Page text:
There’s perfection, perfectionism and Perfection. Well, there are more words associated with perfection, but let’s start by examining the essence of these three words. According to Oxford Languages’ online dictionary, perfection is defined as “the condition, state, or quality of being free or as free as possible from all flaws or defects,” while perfectionism is the “refusal to accept any standard short of perfection.” Typically, we infer perfection as a nearly impossible state – especially in the context of the human being – and perfectionism as a neurotic, futile attempt to achieve it. But what about Perfection, with a capital P?
No, you won’t find Perfection with a capital P having a specific definition in any dictionary. Unlike God, it is not typically capitalized, or noted to be more perfect than its lowercase version. But, as readers (even non-religious ones), we understand the essential difference between God and god; the former indicating a quality that transcends the ordinariness of lowercase. When God is capitalized, there’s an indication of specificity, a reverence, an unspoken understanding of significance, nobility, grandness, and unequivocal qualities… of Perfection.
Whatever your spiritual or religious beliefs, allow yourself to liken the essence of Perfection with God/Goddess (or Source, Creator, or whatever word works for you) as a fundamentally unnamable quality – one that is meant to be experienced by the soul rather than understood by the mind.
Using this as our definition, we can follow the path to Perfection. As humans, we may not see ourselves as God, or even god-like with our imperfect behaviors and various shortcomings, but as spiritual beings we also understand that we are aspects of God/Goddess/Source and, therefore, must be created from its Perfection. If the Perfection of God is in all things, so must this Perfection be our humanness – in each one of us – including our multitude of flaws and inadequacies.
Buddhism and other eastern traditions teach that life itself is an illusion. That what we experience with our senses – or even think with our minds – is not reality in its entirety. Spiritual awareness enables us to recognize a grander Mystery; one we may never fully comprehend but strive to experience for personal fulfillment, joy and purpose. As we embark on a conscious, spiritual path, we often become seekers of teachers, gurus, and guideposts to be discovered “out there,” only to realize that what we seek is ultimately found within.
What if, like our desire to “know God,” we chose to embrace our Perfection?
In a culture that is shaped by high expectations of attractiveness, success, material goods, quality workmanship, and keeping up with the (name your family), we have come to realize the harsh consequences that impossible standards can have on the average individual trying to be and/or present perfection and – understandably – failing. Erroneously, we associate this external, polished perfection with our value.
Like shifting our attention from an external God that will answer our every prayer (and feeling unworthy when unanswered) to cultivating within a deeper trust in God’s Plan (or Divine Timing or Thy Will), perhaps it’s time to realize that the external perfection that tantalizes us has actually been a call to embrace our essential Perfection. Our spiritual maturation enables us to perceive things from a foundation of Love and Perfection and it’s our human striving that becomes the practice.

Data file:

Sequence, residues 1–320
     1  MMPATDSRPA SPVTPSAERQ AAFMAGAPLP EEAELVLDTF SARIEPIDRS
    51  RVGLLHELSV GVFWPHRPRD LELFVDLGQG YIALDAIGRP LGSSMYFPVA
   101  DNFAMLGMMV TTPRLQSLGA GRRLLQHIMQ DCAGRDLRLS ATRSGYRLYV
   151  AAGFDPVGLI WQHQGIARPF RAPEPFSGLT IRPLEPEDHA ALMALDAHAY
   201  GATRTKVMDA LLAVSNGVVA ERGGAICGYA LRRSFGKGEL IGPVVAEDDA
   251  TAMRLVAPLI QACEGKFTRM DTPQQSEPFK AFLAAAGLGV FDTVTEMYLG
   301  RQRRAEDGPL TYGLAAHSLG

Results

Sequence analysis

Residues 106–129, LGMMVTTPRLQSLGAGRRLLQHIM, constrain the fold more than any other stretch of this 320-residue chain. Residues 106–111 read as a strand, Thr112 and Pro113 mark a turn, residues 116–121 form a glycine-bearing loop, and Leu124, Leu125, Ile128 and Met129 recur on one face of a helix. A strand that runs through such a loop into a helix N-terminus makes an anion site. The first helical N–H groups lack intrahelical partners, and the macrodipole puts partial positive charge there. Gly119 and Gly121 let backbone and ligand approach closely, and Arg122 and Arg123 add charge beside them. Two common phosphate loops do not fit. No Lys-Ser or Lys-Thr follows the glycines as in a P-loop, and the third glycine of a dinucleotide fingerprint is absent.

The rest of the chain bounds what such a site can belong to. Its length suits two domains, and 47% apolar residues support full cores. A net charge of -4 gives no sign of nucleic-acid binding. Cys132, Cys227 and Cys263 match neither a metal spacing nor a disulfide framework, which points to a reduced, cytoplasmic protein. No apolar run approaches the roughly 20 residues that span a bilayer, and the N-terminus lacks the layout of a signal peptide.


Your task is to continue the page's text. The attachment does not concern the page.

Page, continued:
The path to embracing your Perfection does not need to be dogmatic, nor does it have to be fuel for excuses to do and say and show up as your lowest expression of yourself… but, of course, it can. Instead, like believing in God, perhaps the quest begins as a mere possibility – that it exists and you are interested in discovering more.
Like most spiritual practices, embracing your Perfection will take… well, practice. This can start with simple affirmations such as, “I am Perfect and Whole just as I am.” Meditation or visualization can support your process. Listening to and shifting your self-talk away from criticism and towards the remembrance of your Perfection can be affirming. In time, you may come to believe wholeheartedly in your Perfection, in spite of external circumstances indicating you may actually be delusional. Maybe others won’t believe, or trust, or understand, and you will occasionally sink into doubt. This is where cultivated trust acts as reinforcement.
Embracing your Perfection is certainly an ego-dance. “Who am I to be Perfect?,” you may wonder. Often. And then there are the concerns over what this must look like externally to be true. Those spiritual beliefs of reality-creating may challenge you at every turn. But the emptiness you discover in meditation may help you let go of expectations. Let go of Perfection itself.
Yet none of these meanderings matter. This is your path… your experience… your potential to recognize a fundamental aspect of your spiritual-human being… and, ultimately, your willingness to embrace your Perfection.
Veronica Lee is a Transformational Visionary, Speaker, Writer, Spiritual Mentor and Intuitive. Through her work she has shared life-changing insights and guidance with thousands around the world. Believing joy comes from living an integrated life, Veronica focuses on embracing our whole selves; whether making peace with imperfections, taking transformative steps, or awakening spiritual gifts. Her empowering style of sharing is both practical and deeply insightful. www.VeronicaLee.tv